the politicians were ranting in all corners of Trinidad – creating fear
in the minds of brain washed people – a small band of people, artists,
songwriters, journalists, writers and musicians, were paying tribute to
Horace Ove, “a master Caribbean Filmmaker.”
to the jam-packed room at 17 Rust Street, St Clair, at the launch of the
Kiskadee Ringbellion Caribbean Film Club, gesticulating towards Ove, a
young man reminded us of our first flowering as a country led by writers,
filmmakers, artists, intellectuals – Sam Selvon, VS Naipaul, CLR James;
people who mirrored our sapling country in the New World and allowed us to
say with certainty, “This is where we came from, this is what we left
behind, these are the people we met here with whom we share past, present
and future, this is how we shaped one another and finally, this is who we
as a Trinidadian, captures the continents of his country’s many veined
origins – Europe, Africa, India – with his films. He uses his heritage
to stretch himself endlessly, taking his rightful place as a citizen of
the world. Because our Indian, African, European, Asian, Middle Eastern
and Chinese threads are interwoven, we can collectively say: “Yes we
came from all over to become what we are.”
Belmont-born filmmaker, who started out as an extra as a slave in the film
Cleopatra starring Elizabeth Taylor and Richard Burton, is listed
in the Guinness Book of World Records as the first Caribbean director of a
feature film (Pressure), which deals with three generations of West
Indians living in England. He has been the recipient of many awards,
coping the Best Drama and Best Director award at the Indian Academy Awards
in 1996, for the film Equaliser on the 1919 Amritsar massacre in colonial
is a prolific and much-lauded film and documentary maker who is well known
question I put to Ove is, how did this country produce men with the
enormous range and depth of our two Nobel Prize winners, and a slew of
brilliant, expansive, articulate minds from CLR James to Selvon?
grew up in Belmont in the 50s and 60s, where black, brown, white, yellow
and blue lived together. In our home we spoke Patois, heard smatterings of
different languages. You never saw anything as ‘mix-up’ as the boys
playing football in the Savannah.
also mixed with the droves of foreigners who passed through our islands
– German, French, English, Spanish – and because we were as eager to
learn about them, as they about us, got used to expanding our minds, found
new ways of understanding ourselves, got curious about the world, saw
ourselves in a social and political context.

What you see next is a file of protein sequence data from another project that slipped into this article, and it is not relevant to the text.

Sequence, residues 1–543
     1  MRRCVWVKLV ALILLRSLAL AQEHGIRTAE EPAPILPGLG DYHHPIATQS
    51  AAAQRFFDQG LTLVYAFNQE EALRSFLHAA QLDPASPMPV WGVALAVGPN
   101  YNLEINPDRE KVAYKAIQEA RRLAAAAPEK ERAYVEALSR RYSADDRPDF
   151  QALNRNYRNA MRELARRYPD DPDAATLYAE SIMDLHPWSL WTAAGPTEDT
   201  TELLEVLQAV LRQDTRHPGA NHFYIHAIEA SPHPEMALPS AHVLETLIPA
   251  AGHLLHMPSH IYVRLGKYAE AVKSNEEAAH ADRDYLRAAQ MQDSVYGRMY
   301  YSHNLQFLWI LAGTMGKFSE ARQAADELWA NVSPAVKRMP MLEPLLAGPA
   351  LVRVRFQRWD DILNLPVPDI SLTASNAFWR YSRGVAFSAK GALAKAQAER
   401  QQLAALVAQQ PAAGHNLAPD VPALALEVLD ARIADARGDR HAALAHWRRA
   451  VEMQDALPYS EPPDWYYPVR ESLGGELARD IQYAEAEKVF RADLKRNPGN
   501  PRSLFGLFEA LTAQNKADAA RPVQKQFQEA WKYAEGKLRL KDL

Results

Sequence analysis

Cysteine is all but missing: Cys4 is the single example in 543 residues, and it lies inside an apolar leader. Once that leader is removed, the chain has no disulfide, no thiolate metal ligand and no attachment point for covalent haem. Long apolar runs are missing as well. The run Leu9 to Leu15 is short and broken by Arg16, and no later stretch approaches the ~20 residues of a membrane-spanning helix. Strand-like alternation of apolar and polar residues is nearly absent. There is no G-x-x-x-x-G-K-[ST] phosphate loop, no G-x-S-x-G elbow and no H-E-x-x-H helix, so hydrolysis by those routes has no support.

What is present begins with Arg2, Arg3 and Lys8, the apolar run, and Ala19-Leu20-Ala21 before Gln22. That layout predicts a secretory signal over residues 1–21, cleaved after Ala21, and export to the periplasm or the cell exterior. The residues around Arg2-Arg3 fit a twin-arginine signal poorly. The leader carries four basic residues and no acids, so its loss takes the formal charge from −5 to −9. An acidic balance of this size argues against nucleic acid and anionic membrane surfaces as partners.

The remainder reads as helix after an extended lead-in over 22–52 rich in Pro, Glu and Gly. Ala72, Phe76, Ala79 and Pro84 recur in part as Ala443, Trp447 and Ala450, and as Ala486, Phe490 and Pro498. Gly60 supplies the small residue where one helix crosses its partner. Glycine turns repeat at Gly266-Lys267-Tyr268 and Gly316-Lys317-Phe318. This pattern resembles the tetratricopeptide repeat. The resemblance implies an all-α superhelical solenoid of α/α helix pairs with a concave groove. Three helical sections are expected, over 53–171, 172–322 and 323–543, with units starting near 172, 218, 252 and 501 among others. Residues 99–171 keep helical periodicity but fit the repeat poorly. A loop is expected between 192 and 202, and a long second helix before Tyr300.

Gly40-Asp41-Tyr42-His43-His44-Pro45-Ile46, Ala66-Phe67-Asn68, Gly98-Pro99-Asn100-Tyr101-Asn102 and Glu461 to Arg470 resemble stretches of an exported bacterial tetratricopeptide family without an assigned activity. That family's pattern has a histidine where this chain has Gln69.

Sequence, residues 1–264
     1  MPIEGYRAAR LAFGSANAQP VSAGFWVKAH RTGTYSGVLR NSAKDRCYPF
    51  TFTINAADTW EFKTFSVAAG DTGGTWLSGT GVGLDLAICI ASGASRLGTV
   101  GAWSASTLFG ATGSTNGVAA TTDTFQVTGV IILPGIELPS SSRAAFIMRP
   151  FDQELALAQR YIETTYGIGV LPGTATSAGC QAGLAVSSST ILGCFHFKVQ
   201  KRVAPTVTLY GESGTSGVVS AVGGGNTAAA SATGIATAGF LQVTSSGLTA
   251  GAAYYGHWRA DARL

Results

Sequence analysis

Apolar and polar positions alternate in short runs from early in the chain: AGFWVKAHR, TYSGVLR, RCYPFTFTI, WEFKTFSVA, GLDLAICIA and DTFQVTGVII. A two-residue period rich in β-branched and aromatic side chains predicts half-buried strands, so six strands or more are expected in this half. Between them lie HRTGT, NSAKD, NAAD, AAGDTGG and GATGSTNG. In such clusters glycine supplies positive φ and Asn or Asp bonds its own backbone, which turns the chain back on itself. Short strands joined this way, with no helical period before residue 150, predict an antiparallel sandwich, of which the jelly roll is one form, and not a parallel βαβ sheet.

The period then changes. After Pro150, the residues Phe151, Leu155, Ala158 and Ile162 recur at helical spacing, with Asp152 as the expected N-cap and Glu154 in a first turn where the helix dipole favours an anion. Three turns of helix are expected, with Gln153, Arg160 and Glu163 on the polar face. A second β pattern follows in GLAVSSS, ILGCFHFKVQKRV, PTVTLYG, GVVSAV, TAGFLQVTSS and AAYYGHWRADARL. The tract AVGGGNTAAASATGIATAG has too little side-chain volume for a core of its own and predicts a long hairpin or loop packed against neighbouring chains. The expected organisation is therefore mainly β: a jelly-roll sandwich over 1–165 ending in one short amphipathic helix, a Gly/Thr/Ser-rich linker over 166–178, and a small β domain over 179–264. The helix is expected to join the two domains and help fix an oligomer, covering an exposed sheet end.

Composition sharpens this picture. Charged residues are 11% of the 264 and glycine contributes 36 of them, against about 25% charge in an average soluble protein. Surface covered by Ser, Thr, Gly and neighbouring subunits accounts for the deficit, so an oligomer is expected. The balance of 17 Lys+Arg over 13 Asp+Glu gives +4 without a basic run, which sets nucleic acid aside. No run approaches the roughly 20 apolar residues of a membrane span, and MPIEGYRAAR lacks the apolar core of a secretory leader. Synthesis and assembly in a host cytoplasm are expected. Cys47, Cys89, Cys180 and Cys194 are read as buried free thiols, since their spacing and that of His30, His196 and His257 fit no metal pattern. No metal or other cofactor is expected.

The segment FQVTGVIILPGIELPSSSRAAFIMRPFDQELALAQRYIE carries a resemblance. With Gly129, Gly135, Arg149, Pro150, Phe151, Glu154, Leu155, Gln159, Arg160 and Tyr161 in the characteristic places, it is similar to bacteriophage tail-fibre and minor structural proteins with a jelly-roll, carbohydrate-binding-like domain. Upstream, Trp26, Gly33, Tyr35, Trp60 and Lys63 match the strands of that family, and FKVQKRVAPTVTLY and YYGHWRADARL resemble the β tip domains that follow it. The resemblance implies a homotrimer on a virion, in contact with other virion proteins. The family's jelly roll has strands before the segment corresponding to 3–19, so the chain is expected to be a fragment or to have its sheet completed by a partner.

would create a theatre in one another’s homes. I learned to paint in a
room at the back of White Hall, in a class conducted by a foreigner and
was fascinated when an Englishman produced one of Shakespeare’s plays in
the Botanical Gardens.
projectionist in the cinema, ‘No–Teeth Harry’ we called him, was in
a sense my first real film teacher. We would talk with him during and
after films about its storyline, acting, content. I am convinced it was
because of No-Teeth Harry I, as the sole West Indian boy in a prestigious
London film school that I attended, later was able to hold my own.”
and when did we become a tribal people obsessed with race and petty
politics, insular and inward looking?” I asked.
used to pride ourselves for being the most mix up country in the world.
What these politicians are doing now is criminal. Dividing people like
that.. it leads to war. Not only are they setting people against one
another, but also they are depriving people of the opportunity to develop
their natural talents, which is abundant but which comes to a dead end
because it is not nurtured.
boy who plays pan is applauded during Carnival and then ignored. No one
says this boy is a musician, ‘Let’s give him a scholarship and nurture
that’. Everything creative is cut dead, so you get this stagnant,
repetitive, race obsessed country.
politician grasps the idea that people get their information from
television – that square box can be used through locally made
documentaries (rather than that American trash that feeds materialism,
discontent in our young people) to help us understand the issues that we
grapple with in Trinidad – crime, race, the cycle of domestic violence.
have no sense of balance – because we have removed a sense of asthetics
from our lives – pelting plastic bottles, paper on the streets –
replacing our graceful gingerbread Art deco, 30’s and 40’s homes, with
ugly commercial places.
you remove that, people’s spirit shrinks into the mundane, into narrow
places, into fear of the unknown, fear of other places, other people.
Instead of recognising that it all belongs to us – that the world in a
sense is part of our heritage – we retreat into holes.”
what are we? I asked Horace Ove, “the master filmmaker.”
are rats falling into politicians’ traps: Traps of fear, traps of our
can decide not to be rats anymore. It’s a start anyhow.